What is the test to be applied in deciding whether to make a site blocking order and why the site blocking order was granted

The Court gave lengthy reasons for deciding to grant the site blocking order. In this regard, the Court found that the plaintiffs had established a strong prima facie case on the merits that the operators of the pirate subscription streaming service infringed the copyrights of the plaintiffs. It also found that the plaintiffs satisfied the two other requirements, namely, irreparable harm if the injunction was not granted and that the balance of convenience was in their favour.

Irreparable harm

To obtain the injunction, the plaintiffs established they would suffer irreparable harm if the injunction was not granted. The two prior injunctions against the defendants (an interim and an interlocutory injunction) had not been effective to terminate the infringements. (They invariably are not against foreign rogue operators, which is why site blocking orders are needed.) Further, the Court found, as have other courts around the world, that site blocking would be effective while other measures would not be. The losses from the piracy were also not readily quantifiable or compensable.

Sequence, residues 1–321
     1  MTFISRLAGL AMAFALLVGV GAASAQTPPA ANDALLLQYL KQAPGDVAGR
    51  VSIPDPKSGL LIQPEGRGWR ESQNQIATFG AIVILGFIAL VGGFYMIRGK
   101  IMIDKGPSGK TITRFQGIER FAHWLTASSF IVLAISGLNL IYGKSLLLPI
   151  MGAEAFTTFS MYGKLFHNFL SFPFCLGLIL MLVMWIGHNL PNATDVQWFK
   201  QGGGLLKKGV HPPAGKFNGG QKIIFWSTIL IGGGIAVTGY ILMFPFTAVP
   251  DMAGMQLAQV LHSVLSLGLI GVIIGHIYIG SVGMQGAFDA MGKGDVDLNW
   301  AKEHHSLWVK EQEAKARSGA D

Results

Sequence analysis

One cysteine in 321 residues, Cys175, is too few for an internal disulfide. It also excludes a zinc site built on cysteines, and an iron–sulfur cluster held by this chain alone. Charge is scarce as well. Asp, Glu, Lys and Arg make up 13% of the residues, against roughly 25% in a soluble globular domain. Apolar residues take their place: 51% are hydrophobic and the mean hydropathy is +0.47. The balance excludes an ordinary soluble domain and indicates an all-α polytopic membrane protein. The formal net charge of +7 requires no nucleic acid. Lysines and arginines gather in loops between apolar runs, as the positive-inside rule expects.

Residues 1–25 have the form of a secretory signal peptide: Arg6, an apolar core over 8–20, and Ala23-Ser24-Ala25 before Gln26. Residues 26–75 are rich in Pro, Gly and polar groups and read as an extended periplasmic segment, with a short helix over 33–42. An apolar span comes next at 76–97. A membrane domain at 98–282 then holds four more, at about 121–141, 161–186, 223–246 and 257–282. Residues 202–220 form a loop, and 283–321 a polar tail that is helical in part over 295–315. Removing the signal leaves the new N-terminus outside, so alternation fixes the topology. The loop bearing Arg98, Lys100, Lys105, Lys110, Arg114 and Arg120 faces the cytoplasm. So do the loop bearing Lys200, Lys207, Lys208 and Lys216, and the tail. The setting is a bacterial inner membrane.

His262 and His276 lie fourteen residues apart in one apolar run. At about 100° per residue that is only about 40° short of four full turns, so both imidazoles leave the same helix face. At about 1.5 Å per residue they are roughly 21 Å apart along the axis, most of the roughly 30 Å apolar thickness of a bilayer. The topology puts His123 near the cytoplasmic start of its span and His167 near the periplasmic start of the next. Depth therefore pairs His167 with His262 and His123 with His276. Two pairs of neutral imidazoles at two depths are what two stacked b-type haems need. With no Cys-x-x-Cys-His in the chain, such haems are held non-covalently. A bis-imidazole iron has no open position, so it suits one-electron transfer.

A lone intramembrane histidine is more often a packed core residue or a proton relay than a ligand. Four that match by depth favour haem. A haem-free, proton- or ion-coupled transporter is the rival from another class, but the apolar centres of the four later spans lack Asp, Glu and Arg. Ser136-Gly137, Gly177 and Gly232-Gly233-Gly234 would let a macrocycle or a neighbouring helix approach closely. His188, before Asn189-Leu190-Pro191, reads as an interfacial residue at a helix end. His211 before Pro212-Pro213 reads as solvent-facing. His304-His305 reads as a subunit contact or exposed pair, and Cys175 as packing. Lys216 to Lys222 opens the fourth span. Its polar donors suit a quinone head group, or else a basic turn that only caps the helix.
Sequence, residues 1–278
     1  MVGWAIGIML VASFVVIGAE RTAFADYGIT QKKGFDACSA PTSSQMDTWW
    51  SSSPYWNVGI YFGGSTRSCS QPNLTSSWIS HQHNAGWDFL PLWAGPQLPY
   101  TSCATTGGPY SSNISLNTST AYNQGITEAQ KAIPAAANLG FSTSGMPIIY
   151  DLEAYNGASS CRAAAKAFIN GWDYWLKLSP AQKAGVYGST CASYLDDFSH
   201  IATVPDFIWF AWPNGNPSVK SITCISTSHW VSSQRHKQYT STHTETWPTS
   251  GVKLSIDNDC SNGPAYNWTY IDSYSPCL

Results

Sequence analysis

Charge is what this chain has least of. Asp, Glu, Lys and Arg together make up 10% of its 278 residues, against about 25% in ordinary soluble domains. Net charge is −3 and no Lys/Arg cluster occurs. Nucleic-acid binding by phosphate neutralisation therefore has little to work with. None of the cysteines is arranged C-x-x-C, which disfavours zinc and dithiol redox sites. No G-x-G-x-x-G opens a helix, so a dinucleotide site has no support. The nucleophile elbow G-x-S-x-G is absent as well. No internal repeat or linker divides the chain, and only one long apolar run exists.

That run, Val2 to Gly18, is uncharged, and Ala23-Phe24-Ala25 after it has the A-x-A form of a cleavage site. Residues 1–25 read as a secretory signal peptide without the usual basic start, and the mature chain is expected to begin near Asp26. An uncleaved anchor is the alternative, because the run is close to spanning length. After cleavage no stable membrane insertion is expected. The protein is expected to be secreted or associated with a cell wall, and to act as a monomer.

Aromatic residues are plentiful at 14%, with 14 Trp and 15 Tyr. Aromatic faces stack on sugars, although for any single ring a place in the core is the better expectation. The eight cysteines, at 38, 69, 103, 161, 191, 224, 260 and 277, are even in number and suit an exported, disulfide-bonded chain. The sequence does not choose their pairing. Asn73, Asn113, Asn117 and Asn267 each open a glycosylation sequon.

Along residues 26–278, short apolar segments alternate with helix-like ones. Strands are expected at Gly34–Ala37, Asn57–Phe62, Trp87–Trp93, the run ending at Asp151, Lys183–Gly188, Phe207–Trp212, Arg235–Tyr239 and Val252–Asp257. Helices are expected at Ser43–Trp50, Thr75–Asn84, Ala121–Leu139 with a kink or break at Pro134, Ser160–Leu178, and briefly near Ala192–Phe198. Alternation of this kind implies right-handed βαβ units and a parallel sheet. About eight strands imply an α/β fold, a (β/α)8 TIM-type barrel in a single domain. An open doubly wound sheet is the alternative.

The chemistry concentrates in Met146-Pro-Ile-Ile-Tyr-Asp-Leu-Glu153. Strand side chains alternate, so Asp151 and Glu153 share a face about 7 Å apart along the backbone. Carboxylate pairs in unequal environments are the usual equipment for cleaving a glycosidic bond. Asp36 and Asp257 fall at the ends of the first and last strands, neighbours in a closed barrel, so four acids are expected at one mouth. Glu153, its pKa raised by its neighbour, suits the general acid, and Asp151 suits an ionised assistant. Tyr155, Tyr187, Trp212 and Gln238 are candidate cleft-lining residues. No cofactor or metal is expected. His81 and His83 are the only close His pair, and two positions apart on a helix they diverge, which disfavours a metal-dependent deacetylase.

Teksavvy argued that the plaintiffs could not demonstrate irreparable harm because the infringing activity is minimal relative to the Plaintiffs’ overall financial success. This “sky is rising” argument (which ignores what revenues would be earned in the absence of piracy and with effective anti-piracy laws such as site blocking) was rejected by the Court saying it did “not render the harm irrelevant or of no consequence”. The Court also quoted from the findings of the CRTC in the Fairplay decision where the CRTC found that the record before it “demonstrates that there is evidence that copyright piracy results in harm to the Canadian broadcasting system”. The Court stated that this “indicates that in addition to the ongoing rights infringement, the actions of the Defendants are harmful to the Plaintiffs as participants in that system.”